The "lack of shelf space" was in consumer homes, not MGM's archives.
posted by lodurr at 10:04 AM on November 19, 2010 [1 favorite]


I heard this on the way in today. For me this was one of those "NPR tries to make it interesting by being funny" things that fell so terribly, terribly flat that it gave me a headache while I waited for the meat. So much time wasted padding out a 90 second story.
posted by lodurr at 10:06 AM on November 19, 2010 [1 favorite]


lodurr: Agreed. I had to switch the station to sports radio just to stop the agony. Consider that. NPR to sports radio equalled an improvement to my morning commute.

Anyhow, MGM is supposedly going bankrupt due to getting themselves into debt as a result of betting that the company would make tons of money off of DVD sales alone with MGM's impressive library. Somewhere along the way they forgot that DVD sales are dropping off and you don't run a business with $4 billion in debt by resting on your laurels; you might want to try to make new movies. This results in no new Bond movie.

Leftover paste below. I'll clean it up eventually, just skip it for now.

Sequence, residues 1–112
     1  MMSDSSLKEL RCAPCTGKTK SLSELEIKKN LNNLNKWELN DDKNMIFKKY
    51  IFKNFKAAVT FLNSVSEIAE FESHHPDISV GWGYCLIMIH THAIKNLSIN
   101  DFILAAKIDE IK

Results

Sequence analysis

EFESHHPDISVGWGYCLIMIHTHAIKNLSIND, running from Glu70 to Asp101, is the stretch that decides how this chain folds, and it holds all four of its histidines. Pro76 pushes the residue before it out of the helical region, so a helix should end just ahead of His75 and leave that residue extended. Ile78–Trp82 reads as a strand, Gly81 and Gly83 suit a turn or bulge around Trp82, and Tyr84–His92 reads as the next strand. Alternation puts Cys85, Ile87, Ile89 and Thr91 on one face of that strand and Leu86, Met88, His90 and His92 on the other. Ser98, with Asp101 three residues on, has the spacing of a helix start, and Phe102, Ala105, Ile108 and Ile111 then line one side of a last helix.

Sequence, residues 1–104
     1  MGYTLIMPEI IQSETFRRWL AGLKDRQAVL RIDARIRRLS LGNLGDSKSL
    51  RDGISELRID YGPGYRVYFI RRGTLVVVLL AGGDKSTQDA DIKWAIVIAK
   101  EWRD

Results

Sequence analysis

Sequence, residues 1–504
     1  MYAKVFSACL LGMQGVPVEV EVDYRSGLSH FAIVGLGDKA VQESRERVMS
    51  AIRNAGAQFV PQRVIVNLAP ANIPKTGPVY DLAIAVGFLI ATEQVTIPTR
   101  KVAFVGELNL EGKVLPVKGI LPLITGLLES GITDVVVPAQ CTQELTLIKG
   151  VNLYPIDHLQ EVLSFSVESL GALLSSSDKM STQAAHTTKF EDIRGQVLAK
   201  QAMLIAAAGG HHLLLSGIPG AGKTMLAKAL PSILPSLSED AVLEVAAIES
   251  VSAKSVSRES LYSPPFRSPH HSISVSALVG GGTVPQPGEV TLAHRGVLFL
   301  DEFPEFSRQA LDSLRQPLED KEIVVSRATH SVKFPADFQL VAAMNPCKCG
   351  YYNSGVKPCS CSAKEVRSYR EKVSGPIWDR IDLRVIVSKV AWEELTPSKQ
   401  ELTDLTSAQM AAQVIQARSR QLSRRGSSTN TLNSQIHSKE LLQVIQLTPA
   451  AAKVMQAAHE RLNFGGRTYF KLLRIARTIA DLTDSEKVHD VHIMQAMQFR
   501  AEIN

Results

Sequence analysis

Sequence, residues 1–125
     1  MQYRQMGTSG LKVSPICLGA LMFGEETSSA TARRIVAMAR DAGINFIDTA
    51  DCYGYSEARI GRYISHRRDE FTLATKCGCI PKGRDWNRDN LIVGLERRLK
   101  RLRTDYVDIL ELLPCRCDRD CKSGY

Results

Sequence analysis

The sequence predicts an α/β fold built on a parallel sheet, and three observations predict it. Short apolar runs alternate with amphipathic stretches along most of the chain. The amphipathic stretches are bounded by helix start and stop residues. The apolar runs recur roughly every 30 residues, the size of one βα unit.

(Mayer and Goldwyin reportedly hated each other)

"The reason so many people turned up at his funeral is that they wanted to make sure he was dead. " - Samuel Goldwyn on Louis B. Mayer, at his funeral
posted by Mister Fabulous at 10:19 AM on November 19, 2010


I found it amusing, not least because it reminded me of one of my favorite xkcd comics.
posted by straight at 11:15 AM on November 19, 2010


Wait, I'm supposed to be disappointed that Hollywood is not beating yet another dead horse of a franchise? The Sean Connery films that made the franchise a success are so old at this point that today's filmgoers are more likely to see the most recent Daniel Craig films as a reboot of a series of mediocre Pierce Brosnan films. And I doubt the casual misogyny of the early films would even go over very well with younger generations anyway. So all that's left is a few catchphrases and a well known character name that can be pasted onto an otherwise completely generic action film. I would much rather see film producers spend money and producing new IP that is actually relevant and unique rather than trying to convince people to see the 23rd film in series based on 14 books that were written by someone who has been dead for over 40 years.